Also worth of note is that Shakespeare, apparently, did not write in Acts and that this was a later division by those who reproduced the plays. It is suggested that the five act straight jacket was only imposed on Shakespeare a hundred years after his death!

Next time I’m going to take a look at the film industry’s apparent obsession with the three act structure.

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Olympic Come Down

Melting RingsNearly a week has passed and people are still suffering withdrawal from the Olympics.

For more than two weeks we had Olympic fever. The whole of the BBC seemed to have been given over to this international event. For the first time EVER, every contest was available to view on the BBC by the use of the “red button.”

So what did it mean to me? Well, as a non-sporty person who is also a writer, it meant no Eastenders on certain nights, no Casualty and endless bloody sport. Sport on the news; sport on every radio programme; sport in the newspapers; oh, and some idiot politician slagging off Danny Boyle’s “leftie” opening ceremony.

Don’t get me wrong, while I am no sports enthusiast, I was actually all in favour of the Olympics. I didn’t resent the cancelling or rescheduling of Casualty, or Eastenders like I do when football takes over (I think I’m the only Scouse male who dislikes football). I was sad at the thought that we (the Brits, that is) were going to have a disastrous 2012; I was over the moon when  Lizzie Armitstead won the first medal for Britain; I was proud that we dominated the cycle track; and I was jumping for joy over our successes on the water.

However, nothing made me more proud to be British than the opening ceremony. Danny Boyle’s vision showed the world the things we should be proud of. We led the way in industrialisation (not necessarily a good thing but the civilized world wouldn’t be so well off without it); we introduced a Factories Act; we established trades union; we invented a national health service; and our music is second to none!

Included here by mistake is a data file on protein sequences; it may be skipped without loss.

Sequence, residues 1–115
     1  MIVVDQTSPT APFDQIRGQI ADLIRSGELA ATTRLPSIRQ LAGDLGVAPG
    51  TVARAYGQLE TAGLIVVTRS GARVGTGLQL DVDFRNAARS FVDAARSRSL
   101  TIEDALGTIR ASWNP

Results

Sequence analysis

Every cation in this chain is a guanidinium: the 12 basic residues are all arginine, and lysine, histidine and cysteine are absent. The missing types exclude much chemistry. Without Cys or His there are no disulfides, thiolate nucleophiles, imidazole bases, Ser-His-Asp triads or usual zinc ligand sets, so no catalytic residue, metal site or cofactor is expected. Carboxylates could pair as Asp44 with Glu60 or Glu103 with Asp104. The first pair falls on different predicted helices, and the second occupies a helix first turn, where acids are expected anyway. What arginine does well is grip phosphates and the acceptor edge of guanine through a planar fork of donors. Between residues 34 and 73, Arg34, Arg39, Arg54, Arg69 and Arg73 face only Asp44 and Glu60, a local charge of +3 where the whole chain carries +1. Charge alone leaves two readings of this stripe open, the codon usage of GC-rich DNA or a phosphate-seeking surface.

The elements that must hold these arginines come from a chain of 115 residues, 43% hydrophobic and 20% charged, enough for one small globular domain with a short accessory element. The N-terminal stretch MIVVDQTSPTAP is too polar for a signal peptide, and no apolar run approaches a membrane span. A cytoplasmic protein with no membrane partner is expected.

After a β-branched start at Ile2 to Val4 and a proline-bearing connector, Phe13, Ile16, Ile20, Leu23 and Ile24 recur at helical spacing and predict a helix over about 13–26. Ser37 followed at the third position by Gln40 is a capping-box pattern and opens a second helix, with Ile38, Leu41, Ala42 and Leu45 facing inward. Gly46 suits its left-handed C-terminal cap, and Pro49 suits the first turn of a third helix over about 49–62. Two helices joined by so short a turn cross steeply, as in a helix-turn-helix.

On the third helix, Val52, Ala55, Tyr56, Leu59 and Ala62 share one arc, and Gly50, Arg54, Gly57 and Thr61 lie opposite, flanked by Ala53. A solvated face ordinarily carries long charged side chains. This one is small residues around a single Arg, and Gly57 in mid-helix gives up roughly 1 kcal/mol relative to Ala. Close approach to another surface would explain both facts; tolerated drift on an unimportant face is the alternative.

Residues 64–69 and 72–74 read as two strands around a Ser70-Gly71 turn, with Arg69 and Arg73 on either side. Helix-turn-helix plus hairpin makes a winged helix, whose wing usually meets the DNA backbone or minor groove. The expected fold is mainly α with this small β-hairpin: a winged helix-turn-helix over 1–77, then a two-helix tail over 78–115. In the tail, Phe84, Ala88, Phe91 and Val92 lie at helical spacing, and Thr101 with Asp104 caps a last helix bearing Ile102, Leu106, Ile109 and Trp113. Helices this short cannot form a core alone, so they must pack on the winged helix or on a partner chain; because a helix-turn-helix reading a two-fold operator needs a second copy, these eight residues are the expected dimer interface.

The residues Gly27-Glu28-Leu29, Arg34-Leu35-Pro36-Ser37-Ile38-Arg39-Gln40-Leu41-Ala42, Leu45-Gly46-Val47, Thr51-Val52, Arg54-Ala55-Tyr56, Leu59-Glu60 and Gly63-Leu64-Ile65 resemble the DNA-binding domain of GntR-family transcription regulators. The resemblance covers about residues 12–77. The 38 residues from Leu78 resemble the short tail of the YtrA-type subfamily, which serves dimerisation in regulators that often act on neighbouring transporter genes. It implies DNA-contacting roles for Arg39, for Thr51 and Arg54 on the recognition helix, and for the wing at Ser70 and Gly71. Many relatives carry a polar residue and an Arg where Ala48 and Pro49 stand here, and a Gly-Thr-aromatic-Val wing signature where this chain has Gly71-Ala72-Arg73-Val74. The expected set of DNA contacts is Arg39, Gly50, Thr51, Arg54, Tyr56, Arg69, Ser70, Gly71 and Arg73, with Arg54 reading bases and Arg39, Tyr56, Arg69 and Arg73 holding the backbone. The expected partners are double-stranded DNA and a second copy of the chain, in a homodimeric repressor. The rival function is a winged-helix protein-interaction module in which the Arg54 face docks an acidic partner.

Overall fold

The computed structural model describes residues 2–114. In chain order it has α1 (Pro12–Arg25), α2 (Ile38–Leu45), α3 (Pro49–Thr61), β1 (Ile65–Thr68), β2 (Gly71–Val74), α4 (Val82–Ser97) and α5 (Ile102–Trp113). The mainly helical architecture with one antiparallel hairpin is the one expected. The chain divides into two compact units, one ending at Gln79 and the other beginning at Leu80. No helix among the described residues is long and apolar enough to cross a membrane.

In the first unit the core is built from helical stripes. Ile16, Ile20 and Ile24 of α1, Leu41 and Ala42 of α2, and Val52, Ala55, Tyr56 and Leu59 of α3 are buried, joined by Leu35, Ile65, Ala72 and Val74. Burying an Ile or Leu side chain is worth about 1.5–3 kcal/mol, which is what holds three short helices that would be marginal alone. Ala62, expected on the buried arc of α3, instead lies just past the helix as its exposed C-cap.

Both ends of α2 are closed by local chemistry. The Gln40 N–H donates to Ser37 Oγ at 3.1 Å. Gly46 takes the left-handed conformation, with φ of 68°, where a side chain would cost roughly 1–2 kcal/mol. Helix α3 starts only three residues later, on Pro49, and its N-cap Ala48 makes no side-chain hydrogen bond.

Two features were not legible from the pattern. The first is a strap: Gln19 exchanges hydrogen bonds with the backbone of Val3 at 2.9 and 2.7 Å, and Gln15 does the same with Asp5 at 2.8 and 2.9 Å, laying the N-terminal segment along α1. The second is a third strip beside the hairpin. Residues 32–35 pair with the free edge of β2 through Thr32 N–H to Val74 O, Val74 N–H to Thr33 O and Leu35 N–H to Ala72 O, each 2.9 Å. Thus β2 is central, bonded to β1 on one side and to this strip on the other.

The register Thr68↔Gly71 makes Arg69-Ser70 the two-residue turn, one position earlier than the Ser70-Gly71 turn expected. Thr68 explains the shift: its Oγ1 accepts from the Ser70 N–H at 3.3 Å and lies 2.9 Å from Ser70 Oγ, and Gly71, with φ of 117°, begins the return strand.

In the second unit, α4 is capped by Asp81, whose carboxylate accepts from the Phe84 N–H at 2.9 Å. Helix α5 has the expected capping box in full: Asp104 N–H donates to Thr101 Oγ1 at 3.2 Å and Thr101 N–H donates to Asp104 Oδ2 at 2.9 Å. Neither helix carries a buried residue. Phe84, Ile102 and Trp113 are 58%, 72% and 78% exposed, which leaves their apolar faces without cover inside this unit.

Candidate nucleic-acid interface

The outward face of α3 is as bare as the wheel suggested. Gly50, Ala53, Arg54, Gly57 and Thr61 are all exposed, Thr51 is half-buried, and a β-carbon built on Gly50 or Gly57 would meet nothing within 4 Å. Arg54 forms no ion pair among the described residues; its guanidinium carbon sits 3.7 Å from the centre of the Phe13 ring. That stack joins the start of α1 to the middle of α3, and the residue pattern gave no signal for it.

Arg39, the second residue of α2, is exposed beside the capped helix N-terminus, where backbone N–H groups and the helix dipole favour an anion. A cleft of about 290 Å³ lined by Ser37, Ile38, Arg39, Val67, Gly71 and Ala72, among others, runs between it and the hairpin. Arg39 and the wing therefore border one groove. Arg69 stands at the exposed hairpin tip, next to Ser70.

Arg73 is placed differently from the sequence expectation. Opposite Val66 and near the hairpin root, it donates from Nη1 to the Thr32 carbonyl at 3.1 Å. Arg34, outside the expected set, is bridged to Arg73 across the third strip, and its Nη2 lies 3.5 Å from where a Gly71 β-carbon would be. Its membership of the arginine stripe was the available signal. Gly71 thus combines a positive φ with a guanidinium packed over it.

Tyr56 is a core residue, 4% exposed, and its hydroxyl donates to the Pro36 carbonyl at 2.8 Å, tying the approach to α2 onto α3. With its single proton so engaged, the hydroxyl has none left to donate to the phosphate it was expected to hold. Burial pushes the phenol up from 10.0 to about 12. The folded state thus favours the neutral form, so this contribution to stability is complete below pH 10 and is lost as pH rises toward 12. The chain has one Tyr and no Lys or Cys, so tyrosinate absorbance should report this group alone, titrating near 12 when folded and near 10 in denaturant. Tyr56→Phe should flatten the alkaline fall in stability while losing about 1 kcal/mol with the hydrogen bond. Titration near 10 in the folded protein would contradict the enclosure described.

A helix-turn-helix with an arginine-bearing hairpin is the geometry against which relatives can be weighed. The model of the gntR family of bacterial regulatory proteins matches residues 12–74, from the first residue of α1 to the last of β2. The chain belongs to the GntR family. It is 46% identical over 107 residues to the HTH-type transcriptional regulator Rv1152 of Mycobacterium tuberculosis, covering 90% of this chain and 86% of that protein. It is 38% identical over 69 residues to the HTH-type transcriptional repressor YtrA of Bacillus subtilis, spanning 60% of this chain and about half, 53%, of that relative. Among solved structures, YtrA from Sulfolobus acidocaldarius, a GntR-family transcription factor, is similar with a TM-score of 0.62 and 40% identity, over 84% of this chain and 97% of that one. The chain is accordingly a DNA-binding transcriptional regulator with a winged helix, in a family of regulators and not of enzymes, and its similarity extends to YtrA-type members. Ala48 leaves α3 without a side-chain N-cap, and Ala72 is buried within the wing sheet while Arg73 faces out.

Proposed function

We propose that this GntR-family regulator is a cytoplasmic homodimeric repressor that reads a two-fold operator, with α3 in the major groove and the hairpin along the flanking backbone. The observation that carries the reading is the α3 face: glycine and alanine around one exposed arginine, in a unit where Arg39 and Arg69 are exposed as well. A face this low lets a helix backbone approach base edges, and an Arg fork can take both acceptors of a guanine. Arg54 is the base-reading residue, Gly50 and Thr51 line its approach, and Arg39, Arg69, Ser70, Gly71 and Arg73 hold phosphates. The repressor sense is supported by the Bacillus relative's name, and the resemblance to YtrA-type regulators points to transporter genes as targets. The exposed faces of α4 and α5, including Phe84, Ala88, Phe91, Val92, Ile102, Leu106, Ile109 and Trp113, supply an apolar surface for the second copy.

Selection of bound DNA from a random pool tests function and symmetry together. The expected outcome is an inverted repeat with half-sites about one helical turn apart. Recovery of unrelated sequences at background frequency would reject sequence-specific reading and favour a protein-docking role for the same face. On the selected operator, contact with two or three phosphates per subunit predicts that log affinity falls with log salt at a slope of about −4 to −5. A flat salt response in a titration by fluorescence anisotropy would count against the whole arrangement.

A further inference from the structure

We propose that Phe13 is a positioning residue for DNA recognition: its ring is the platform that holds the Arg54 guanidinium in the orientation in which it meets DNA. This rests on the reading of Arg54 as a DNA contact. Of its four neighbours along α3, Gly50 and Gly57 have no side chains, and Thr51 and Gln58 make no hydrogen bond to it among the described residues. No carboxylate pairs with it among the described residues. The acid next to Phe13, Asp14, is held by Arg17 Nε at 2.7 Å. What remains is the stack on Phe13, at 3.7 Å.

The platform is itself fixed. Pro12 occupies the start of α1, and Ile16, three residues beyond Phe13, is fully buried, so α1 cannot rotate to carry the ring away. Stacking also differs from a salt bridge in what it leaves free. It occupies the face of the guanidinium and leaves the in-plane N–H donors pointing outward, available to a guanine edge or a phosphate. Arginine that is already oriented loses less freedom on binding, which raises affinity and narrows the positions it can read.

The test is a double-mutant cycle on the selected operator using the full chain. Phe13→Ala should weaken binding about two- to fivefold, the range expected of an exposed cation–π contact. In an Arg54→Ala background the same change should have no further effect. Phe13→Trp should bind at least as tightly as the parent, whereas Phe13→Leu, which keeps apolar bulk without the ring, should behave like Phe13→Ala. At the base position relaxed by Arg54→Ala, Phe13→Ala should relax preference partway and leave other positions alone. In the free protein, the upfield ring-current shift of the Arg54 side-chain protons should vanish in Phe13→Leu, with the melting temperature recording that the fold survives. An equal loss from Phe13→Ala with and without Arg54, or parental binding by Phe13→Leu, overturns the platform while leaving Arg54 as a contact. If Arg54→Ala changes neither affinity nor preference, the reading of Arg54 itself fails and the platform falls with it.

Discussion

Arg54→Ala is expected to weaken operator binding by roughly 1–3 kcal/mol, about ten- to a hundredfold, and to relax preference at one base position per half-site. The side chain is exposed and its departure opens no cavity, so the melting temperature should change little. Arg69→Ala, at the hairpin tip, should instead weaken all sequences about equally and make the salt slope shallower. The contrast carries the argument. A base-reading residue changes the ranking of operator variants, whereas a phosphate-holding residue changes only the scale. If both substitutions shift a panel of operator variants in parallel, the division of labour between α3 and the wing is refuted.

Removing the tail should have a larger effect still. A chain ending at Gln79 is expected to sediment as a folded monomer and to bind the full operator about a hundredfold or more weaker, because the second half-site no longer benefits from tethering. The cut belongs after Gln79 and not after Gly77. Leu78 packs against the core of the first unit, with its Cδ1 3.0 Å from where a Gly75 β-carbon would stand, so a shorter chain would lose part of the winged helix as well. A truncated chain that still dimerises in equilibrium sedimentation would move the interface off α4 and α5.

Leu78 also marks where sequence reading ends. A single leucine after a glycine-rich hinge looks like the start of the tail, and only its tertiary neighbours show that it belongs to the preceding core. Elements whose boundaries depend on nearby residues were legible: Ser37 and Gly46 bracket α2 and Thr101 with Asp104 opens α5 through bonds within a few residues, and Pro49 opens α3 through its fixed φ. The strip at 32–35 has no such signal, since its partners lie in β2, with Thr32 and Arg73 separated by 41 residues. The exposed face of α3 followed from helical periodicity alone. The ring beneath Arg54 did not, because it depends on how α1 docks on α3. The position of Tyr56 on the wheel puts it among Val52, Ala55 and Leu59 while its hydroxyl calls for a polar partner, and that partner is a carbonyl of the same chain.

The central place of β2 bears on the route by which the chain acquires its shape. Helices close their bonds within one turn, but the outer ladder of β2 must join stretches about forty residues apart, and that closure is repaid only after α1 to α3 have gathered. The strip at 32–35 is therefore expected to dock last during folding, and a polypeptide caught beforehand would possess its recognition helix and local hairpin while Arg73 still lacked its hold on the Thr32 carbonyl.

Too bad Adrian Burley, an idiot right-winger MP from the Midlands, had to spoil it with his twitter comment – “Thank God the athletes have arrived! Now we can move on from leftie multi-cultural crap.” He preceded this ridiculous tweet with “The most leftie opening ceremony I have ever seen – more than Beijing, the capital of a communist state! Welfare tribute next?” I had to respond. “I tweeted back something like – Why not? It’s something we can be proud of. There certainly won’t be a tribute to Afghanistan, Iraq or Falklands. I wanted to be abusive but that just wouldn’t be British, would it. So glad Cameron distanced himself from this folly.

While the opening ceremony was spectacular and our team’s performance was nothing short of brilliant, the closing ceremony was not a patch on the opening. It was marketed as a symphony of the best of British music. I thought some of the choices were a little strange but, hey, there was a lot of Scouse (that’s liverpudlian to you non-Brits) references in there, even down to the newspaper taxies.

Yes, this year’s Olympics has made me feel proud to be British again. Proud that we are shaking off that colonial image and the shadow of the slave trade. Proud to be human, even.

But what really made me more proud of this year’s Olympics than anything else? The fact that this was the first ever Olympics where every team had a female athlete. Too bad I only heard one comment about this fact from one of the commentators.